The aviation industry missed its mark last year, says General Aviation Manufacturers Association President and CEO Pete Bunce. While lawmakers were weighing options for parceling out money for a stimulus plan, aviation industry leaders were unable to sell NextGen – the future of the airspace system -- as an important economic stimulus. “It was much easier to give dollars to shovel-ready projects,” he said yesterday during a Honeywell briefing in Orlando, Fla.
Bunce blames the aviation community for being unable to convince Congress that it was important to invest in NextGen. “We did not have a good story,” he said. NextGen wasn’t concrete enough. “It is so complicated enough [lawmakers] did not understand.” The plan wasn’t “robust enough,” and the industry didn’t have concrete costs, he said.
But Bunce is encouraged that the landscape is starting to change. Industry groups have made a concentrated effort to work with Congress and the Obama Administration on the importance of NextGen, and what steps could be taken to get there. As the Administration comes on board, key lawmakers, including those on the House Transportation and Infrastructure Committee and Senate Commerce Committee, will have a better case to win congressional support for increased investment. Leaders on both committees have stressed their commitment to doing what they can to jumpstart investments.
Convincing Congress and the White House to invest heavily in the new air traffic management system is only part of the equation. Convincing operators to equip may present the next big hurdle.
Operators appear motivated to get the latest technology in their cockpits: In the latest Honeywell Business Aviation Forecast, North American operators cited updated avionics as the second biggest driver behind their decisions to buy new aircraft. And, operators in every part of the world indicated better efficiency and operating costs were in the top five reasons to buy new aircraft.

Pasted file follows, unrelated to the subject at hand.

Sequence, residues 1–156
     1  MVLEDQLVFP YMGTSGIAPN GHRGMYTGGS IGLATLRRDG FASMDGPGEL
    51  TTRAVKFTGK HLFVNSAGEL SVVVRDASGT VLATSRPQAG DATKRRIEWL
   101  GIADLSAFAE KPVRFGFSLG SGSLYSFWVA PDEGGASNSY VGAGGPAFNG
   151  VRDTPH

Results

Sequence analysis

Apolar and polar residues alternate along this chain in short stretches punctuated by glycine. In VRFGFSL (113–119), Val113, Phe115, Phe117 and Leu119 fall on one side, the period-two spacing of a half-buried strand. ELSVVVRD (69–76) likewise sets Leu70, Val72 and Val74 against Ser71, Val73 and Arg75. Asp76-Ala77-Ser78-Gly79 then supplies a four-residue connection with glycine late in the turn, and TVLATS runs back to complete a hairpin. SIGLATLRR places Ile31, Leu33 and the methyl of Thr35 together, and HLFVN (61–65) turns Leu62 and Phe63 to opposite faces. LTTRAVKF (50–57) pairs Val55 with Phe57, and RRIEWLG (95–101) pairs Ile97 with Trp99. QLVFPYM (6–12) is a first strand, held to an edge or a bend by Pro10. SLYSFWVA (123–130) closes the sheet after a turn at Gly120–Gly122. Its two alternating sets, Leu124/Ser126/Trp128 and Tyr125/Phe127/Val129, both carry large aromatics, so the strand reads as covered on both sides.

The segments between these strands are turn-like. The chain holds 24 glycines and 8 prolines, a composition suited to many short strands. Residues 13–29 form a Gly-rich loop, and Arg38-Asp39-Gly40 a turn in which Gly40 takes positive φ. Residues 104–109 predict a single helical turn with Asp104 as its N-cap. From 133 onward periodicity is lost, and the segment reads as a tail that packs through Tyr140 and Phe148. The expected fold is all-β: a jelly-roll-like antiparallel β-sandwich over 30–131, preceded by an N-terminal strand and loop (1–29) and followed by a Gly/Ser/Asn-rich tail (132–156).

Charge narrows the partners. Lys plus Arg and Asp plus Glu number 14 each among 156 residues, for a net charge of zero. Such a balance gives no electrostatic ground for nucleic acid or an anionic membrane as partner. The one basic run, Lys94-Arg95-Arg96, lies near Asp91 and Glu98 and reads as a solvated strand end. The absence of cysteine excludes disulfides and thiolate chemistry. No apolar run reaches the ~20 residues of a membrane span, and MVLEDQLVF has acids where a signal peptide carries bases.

But while recognizing efficiency is important, NextGen is still a fuzzy concept to many operators, industry leaders concede. Even if they understand the importance, operators don’t know what will be necessary to put in their aircraft. The government hasn’t set the requirements yet for the equipment that will be required.
This has made manufacturers hesitant to ramp up production on the equipment for fear that the government will go in a different direction. And it certainly is a hurdle for installation.
Aviation association heads have been stressing to Congress the importance of “incentivizing” operators to put NextGen-capable equipment in the cockpit – that is providing either federal support, tax breaks or some other means to encourage operators to upgrade their aircraft. Another discussion along those lines just took place a couple of days ago with House aviation subcommittee Chairman Jerry Costello (D-Ill.).
Convincing the rest of Congress to help pay for operators to equip their cockpits might be an uphill battle in times of tight budgets. Time will tell whether Congress will come on board with that too.